“And what are you, Miss?” the brightest one of the bunch asked. She was clearly the most forward one of the group and the others had probably egged her on to ask the question.
“What do you mean, Fearne?” I replied.
She was quick to reply. “I mean, where do your ancestors come from? Can you tell us, Miss?”
Our Grade 3 homeroom had been studying the genealogy of all the children in the class. Parents had submitted very interesting family histories and we plotted on the world map the countries where any of the children had ancestors.
“Well,” I began, “I was born in America, but my parents were born the island of St. Lucia in the Caribbean. My mom’s ancestors were from England, India, and Ghana. My father’s ancestors were from France and Scotland.”
But apart from the genealogy I presented to my class, there are other traits my partner and I have passed on to our children. As my preteen daughter strides across a room, I see my grandmother’s gait, long and purposeful. She walks like she’s in a rush, as my grandma always did, and I remember as children we were always trying to keep up with her.
My 6 year old son and I dance together like there is no tomorrow. All he needs is an invitation from me and some music, and off we go! Once any of our favorite songs is in earshot, we’re both up and dancing, much to the horror of my other child and my husband. My daughter, like her father, refuses to dance. No rhythm, I suppose. They both claim that they are incapable of such things.
I look at both my children’s faces and I am always amused by the patchwork of body parts taken from my husband and myself which have gone into creating the individuals our children have become. Whatever physical trait one child has of one parent, the other child has of the other parent, making the two completely dissimilar in looks and actions.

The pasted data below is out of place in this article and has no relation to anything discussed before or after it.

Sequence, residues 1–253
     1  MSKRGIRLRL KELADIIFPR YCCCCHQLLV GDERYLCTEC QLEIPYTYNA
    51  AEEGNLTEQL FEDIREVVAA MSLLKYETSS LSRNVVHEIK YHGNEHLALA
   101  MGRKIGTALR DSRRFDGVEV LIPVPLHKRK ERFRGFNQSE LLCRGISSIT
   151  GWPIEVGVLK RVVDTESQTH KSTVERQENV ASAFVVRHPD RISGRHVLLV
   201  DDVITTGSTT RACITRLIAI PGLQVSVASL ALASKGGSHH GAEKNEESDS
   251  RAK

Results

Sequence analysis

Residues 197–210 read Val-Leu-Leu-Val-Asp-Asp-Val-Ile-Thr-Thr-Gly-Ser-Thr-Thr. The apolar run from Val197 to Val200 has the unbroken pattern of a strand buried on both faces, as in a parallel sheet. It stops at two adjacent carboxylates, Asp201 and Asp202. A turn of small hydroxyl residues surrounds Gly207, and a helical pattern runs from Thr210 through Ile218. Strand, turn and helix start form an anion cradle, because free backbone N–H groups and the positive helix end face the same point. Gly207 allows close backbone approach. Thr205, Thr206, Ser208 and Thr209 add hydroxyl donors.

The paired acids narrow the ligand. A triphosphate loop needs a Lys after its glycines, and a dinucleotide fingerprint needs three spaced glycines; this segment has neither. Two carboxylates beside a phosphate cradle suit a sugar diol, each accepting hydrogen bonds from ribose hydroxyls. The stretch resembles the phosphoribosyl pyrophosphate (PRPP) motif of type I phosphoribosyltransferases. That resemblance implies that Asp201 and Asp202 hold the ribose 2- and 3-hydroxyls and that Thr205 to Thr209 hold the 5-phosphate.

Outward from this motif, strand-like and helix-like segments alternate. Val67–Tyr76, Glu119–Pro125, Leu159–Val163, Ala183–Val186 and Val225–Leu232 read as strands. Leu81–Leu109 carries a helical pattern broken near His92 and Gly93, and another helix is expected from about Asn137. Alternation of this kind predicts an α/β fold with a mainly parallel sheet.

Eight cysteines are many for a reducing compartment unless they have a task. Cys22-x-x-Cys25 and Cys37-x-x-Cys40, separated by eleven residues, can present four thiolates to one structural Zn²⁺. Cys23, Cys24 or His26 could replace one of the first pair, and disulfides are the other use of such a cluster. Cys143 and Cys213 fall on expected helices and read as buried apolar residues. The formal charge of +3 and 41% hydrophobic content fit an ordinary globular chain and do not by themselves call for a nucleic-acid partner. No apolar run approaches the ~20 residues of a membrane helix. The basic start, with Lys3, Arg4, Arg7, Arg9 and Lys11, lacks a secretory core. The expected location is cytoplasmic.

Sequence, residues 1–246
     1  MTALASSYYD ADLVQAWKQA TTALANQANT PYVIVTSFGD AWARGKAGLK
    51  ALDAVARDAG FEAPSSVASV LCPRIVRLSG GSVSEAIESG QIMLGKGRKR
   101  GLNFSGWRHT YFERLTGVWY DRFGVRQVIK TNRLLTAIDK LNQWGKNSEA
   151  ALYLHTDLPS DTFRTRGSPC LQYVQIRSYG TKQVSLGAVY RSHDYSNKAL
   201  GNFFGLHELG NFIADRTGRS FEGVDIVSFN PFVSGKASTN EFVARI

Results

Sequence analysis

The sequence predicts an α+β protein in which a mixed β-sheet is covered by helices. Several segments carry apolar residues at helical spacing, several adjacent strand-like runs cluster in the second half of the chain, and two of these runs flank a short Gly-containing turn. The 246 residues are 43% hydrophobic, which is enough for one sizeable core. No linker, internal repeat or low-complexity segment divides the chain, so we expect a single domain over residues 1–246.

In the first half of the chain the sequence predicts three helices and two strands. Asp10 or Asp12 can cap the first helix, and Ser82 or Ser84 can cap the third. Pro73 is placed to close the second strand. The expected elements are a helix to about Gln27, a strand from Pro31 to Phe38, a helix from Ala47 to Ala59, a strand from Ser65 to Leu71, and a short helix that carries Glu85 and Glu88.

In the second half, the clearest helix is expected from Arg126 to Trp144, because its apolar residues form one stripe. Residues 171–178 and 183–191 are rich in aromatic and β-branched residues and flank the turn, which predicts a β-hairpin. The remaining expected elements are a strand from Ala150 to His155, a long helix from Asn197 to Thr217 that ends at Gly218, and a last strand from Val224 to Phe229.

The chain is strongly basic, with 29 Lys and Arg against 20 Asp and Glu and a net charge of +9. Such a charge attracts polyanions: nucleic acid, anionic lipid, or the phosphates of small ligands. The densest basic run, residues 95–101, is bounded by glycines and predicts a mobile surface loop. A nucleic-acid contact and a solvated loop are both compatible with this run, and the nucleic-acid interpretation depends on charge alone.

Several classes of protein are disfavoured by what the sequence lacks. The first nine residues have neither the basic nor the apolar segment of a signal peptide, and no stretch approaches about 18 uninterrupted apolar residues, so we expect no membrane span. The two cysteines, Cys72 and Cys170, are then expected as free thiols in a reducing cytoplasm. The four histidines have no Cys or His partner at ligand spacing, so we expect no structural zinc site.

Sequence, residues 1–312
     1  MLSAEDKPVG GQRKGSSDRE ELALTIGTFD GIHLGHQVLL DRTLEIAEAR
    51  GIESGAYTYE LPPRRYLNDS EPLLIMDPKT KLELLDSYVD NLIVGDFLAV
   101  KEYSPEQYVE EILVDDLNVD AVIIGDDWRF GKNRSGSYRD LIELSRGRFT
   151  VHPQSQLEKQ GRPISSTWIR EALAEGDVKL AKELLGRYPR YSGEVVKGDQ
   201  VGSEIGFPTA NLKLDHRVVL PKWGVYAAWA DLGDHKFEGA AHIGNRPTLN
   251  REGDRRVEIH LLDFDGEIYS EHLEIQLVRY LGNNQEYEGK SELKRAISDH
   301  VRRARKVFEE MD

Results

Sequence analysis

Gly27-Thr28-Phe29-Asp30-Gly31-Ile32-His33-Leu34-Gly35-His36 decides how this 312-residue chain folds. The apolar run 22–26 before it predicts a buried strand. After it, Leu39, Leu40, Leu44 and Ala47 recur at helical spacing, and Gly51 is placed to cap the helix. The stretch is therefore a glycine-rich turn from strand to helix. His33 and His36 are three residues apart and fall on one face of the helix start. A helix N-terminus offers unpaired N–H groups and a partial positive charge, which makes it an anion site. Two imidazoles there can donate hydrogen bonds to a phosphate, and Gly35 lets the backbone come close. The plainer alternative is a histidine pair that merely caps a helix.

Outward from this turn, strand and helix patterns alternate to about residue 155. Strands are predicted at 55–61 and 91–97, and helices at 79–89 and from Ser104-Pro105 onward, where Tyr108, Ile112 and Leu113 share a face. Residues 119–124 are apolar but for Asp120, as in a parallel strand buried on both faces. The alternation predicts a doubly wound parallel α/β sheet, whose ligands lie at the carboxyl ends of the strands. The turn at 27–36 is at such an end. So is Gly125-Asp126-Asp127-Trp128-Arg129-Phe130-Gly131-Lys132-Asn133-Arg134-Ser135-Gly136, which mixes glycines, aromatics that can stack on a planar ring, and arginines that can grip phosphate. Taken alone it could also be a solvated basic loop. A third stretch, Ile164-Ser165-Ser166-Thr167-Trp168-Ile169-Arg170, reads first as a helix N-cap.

Physically speaking, my daughter has her dad’s hair, eyebrows, lips, and body type. She has my eyes, nose, and gender (of course). Meanwhile her brother has my hair, eyebrows, lips, and body type. He has his dad’s eyes, nose, and yes, gender.
I managed to inherit my mom’s temper, which must be the reason we can lock horns within hours of being together. The ability to flare up at a moment’s notice was a trait I always noticed about her when I was a child. The high shrill of her voice still rings in my ears. It was brought to my attention by my then-boyfriend at 22 years old, that I also become very crabby when annoyed, accompanied by said tone of voice.
I always comment to my daughter that she and her dad have the most perfect eyebrows. The ones that never need reshaping or plucking, not uncontrolled and ever in need of a good trimming like my son’s and mine. And everyone related to my husband on his mom’s side could be hand-models. They have the long, beautiful fingers of a pianist, with long, naturally well-manicured nails. I’m so jealous of them. But at least I can dance.
My son and I have an affinity for learning foreign languages, as did my father, whom I never spent much time with growing up. Meanwhile, my daughter and her dad are mathematical creatures, who thrive on solving numerical equations.
In the end, I suppose, it’s perhaps our less visible characteristics that define us and we’re pleased to pass on these traits to future generations.